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Can You Feel Me?

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Album Review

When Fantasy reactivated the Volt label in 1999, it signed veteran soulsters like the Dramatics, the Delfonics, and Brenda Holloway as well as younger urban contemporary artists such as Angel Sessions and Enchanette. One hears a lot of potential on Enchanette's debut solo album, Can You Feel Me?, which was produced by Michael J. Powell. Known for his work with well-known R&B goddesses like Anita Baker, Gladys Knight, Regina Belle, and Aretha Franklin, Powell has a long résumé. Even though his work can be formulaic and contrived, the guy has produced some classics. Baker's Rapture (1986) immediately comes to mind. Can You Feel Me? doesn't have the makings of a classic, but it's decent and satisfying, if less than fantastic. The material on this CD (most of which Powell co-wrote) ranges from romantic slow jams to more hip-hop-ish, medium-tempo grooves. Nothing distinctive or groundbreaking is heard, although Enchanette shows herself to be a talented singer who has chops as well as charisma. The Detroit native has an impressive vocal range, and her memorable interpretation of Carole King's "It's Too late" lets us know that she's capable of depth. Evaluating this CD, listeners should bear in mind that even Mary J. Blige didn't have an earth-shattering debut; her first album, What's The 411?, was competent but unremarkable, although she became more and more exciting as the '90s progressed. And listening to Can You Feel Me?, one hopes that Enchanette can also make the transition from decent to excellent. Enjoyable but not a gem, Can You Feel Me? indicates that Enchanette is well worth keeping an eye on.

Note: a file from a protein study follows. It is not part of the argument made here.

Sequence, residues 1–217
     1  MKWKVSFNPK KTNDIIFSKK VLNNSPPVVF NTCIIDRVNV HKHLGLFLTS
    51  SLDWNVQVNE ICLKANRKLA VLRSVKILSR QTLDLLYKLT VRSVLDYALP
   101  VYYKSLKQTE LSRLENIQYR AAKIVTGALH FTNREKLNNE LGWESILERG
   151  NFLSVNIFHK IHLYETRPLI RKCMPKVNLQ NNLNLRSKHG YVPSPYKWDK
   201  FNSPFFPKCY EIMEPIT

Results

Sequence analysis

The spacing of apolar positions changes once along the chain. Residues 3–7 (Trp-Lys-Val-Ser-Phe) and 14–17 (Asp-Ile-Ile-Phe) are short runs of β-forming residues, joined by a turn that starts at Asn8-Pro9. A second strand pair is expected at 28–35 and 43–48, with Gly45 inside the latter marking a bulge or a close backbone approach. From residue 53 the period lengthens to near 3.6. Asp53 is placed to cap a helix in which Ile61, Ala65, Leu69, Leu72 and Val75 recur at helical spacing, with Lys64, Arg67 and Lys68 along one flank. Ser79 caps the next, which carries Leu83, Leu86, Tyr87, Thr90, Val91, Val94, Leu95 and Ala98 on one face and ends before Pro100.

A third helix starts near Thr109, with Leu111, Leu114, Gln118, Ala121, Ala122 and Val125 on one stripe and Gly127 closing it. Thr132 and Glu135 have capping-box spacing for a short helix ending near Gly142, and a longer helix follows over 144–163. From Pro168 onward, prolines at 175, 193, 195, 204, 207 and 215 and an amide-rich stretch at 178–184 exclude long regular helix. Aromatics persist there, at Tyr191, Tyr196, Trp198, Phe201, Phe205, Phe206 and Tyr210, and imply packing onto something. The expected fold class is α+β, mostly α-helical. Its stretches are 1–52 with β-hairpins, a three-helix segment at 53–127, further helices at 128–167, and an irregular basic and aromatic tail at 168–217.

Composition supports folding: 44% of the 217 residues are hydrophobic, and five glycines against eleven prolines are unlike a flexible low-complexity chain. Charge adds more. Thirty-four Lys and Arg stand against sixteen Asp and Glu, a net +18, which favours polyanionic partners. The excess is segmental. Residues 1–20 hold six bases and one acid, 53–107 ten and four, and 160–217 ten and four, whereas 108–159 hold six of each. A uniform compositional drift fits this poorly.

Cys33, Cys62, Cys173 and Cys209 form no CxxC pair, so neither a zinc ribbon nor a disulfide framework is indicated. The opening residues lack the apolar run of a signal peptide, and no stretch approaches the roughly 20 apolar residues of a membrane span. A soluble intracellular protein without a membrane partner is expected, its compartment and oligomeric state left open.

Genre: Hip-Hop/Rap

Years Active: '00s

Often favoring a hip-hop-influenced style of R&B, Enchanette is a Detroit-based vocalist who came to the attention of hit producer/songwriter Michael J. Powell in the 1990s. The singer, who was born Enchanette James in the Motor City on April 9, 1978, first met Powell in 1996. That year, Powell assembled a female vocal group called the City Girls and decided to hire Enchanette (who was 18 at the time) as a member. The City Girls, who were modeled after female urban contemporary groups like TLC and...
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Can You Feel Me?, Enchanette
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